First built in 1893 by Chinese residents of Nagasaki with the support of the Qing Dynasty government, the shrine was designed to serve as a place of worship and learning for the Chinese community, and housed a Confucian sanctuary and primary school. The buildings were severely damaged by the atomic bomb explosion on August 9, 1945 and were not restored and opened to the public until September 1967. The shrine was extensively renovated in 1982. Standing outside the shrine are 72 statues representing the 72 followers of Confucius.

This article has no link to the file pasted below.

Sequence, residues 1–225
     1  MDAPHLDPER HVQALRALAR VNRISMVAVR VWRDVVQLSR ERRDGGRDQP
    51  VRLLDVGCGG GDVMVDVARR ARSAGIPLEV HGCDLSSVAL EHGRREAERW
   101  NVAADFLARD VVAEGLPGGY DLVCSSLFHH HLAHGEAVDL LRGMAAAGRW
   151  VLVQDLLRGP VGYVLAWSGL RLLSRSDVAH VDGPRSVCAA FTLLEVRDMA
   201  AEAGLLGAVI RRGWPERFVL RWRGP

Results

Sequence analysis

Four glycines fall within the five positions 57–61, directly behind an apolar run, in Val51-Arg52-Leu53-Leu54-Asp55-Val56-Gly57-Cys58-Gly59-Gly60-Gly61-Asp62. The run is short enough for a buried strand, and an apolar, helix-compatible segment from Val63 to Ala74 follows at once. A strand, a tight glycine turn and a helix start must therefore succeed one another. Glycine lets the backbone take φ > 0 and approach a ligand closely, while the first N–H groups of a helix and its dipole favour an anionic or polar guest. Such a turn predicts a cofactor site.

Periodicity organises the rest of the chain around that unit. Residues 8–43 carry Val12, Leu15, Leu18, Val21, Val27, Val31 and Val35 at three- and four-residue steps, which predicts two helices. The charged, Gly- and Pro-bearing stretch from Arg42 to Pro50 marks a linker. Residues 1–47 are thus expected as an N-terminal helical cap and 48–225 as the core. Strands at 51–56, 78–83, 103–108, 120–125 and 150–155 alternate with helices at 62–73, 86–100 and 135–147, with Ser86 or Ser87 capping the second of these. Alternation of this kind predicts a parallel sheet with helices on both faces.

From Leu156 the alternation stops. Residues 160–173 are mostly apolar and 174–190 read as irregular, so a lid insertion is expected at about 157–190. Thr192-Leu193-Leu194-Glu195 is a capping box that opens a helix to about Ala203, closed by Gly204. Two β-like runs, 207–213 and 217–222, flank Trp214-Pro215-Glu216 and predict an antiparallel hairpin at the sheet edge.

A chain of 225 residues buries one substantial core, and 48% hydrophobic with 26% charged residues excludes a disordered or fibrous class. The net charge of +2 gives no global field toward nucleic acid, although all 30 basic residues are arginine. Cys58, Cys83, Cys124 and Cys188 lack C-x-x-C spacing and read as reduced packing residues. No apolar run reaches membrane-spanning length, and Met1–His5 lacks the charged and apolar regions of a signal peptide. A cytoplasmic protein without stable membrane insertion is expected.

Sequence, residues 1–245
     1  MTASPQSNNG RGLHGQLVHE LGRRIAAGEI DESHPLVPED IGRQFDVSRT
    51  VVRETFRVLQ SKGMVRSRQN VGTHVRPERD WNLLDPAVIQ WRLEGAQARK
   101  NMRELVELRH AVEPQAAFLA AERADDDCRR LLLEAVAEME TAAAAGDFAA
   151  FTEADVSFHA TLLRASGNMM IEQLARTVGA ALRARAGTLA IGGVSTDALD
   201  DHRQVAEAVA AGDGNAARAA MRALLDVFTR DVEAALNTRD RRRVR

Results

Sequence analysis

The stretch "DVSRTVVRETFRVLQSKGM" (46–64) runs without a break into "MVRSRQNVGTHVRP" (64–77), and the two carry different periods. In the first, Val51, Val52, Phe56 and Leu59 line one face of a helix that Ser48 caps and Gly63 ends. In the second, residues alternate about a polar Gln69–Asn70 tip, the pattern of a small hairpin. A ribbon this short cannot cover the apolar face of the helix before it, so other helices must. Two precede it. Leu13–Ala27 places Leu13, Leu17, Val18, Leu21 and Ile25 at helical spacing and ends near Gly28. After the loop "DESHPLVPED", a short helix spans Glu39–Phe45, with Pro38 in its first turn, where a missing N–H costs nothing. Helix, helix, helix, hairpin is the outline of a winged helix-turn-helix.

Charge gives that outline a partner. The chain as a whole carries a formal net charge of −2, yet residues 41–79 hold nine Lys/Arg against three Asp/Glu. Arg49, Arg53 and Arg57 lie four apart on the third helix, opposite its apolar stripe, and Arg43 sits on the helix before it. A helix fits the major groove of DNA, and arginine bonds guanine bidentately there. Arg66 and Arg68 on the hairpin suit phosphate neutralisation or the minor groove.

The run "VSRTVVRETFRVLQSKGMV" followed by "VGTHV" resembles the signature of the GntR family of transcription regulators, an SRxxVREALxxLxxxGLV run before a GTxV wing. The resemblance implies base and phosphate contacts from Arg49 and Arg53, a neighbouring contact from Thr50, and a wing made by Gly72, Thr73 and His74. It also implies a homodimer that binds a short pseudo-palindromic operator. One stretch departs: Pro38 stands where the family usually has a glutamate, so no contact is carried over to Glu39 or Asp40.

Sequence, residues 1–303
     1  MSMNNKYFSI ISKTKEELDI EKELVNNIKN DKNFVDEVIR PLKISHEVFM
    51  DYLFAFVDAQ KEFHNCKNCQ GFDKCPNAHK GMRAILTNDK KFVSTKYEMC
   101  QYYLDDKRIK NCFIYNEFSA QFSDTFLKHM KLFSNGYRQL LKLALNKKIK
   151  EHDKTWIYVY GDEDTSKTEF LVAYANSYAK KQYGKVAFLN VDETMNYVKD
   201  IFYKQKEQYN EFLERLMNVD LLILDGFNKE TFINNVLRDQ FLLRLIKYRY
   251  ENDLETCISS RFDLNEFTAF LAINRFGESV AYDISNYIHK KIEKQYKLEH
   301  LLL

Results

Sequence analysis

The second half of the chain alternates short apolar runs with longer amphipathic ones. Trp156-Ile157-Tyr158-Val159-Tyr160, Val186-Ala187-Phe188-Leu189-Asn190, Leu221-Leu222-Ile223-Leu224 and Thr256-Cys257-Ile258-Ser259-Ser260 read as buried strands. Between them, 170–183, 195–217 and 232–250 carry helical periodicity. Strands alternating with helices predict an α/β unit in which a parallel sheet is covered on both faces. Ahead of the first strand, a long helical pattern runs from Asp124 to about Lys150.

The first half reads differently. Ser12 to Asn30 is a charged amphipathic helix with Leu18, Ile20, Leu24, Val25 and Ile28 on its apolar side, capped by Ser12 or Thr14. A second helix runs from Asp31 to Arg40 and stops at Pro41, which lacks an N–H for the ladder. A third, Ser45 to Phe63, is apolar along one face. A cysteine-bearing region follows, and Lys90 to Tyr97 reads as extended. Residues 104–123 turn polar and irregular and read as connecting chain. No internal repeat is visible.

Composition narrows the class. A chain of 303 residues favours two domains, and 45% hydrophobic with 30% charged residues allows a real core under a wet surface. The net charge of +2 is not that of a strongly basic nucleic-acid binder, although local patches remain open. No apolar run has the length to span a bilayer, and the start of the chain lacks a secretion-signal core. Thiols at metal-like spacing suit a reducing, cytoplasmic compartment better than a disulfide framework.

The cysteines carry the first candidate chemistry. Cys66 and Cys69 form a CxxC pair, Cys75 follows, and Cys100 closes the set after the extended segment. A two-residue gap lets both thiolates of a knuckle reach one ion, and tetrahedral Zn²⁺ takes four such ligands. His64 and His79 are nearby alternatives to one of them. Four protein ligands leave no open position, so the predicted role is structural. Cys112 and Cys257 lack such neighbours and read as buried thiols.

A building at the rear of the shrine houses the Museum of Chinese History and Palace Museum. It features large illuminated photographs of the old Silk Road and models of early Chinese inventions such as the world's first seismograph. Displayed on the second floor are more than 80 treasure-class articles of varying antiquity on loan directly from the Chinese National Museum and Palace Museum in Beijing.